Another wrinkle is that according to International Law, as quoted in the report, the presence of civilians does not provide carte blanche for the entire group to act with impunity: “[t]he presence or movements of the civilian population or individual civilians shall not be used to render certain points or areas immune from military operations, in particular in attempts to shield military objectives from attacks or to shield, favour or impede military operations.”

Instead, if rioting civilians commit acts of violence, then force may be used under “law enforcement” paradigm, which would allow an escalation of force.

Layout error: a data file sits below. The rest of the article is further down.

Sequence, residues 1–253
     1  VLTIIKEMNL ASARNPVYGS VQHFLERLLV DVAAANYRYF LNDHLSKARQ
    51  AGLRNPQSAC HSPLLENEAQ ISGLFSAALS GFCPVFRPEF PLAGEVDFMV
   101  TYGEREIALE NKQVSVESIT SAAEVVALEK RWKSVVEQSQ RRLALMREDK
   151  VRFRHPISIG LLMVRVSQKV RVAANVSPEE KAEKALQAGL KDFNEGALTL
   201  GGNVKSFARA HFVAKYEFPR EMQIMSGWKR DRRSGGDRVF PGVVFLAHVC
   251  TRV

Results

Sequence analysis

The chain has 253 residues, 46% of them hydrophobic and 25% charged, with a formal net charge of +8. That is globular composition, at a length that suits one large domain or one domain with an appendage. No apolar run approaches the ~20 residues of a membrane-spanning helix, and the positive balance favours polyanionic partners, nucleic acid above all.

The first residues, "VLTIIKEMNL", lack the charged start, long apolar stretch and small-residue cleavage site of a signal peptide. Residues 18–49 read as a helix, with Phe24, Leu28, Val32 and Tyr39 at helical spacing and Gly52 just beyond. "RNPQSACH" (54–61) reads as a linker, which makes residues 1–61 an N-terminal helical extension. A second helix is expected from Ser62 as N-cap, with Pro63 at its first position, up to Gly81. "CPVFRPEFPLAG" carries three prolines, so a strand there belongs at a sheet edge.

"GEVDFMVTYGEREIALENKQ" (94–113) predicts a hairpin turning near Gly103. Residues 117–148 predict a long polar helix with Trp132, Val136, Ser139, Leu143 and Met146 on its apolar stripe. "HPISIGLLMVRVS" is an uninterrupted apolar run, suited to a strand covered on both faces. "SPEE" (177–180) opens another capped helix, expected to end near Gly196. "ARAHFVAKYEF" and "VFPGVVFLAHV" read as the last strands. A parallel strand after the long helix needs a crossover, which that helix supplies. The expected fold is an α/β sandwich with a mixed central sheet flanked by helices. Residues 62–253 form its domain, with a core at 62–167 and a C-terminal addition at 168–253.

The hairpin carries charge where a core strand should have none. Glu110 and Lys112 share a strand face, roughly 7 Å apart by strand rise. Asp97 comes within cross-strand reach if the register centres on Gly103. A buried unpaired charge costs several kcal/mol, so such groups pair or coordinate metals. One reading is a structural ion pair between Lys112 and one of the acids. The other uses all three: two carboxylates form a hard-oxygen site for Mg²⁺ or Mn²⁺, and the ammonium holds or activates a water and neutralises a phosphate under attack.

On top of all that, the experts who preferred to combine both paradigms — applying the rules of law enforcement to civilians and of war to fighters — found their own solution to be impractical:

  • How could soldiers distinguish between fighters (who might not distinguish themselves), civilians directly participating in hostilities and rioters who are not directly participating in hostilities?
  • How could soldiers be expected to apply two different paradigms at the same time and place?
  • Moreover, in most situations of armed conflicts, belligerents may not have snipers able to target surgically fighters among the crowd and thus targeting them may cause excessive incidental civilian losses in violation of IHL.
  • Also, situations of civilian unrest in the context of an armed conflict can be highly volatile and can turn into actual armed clashes amounting to hostilities.

And then there is the issue of self-defense.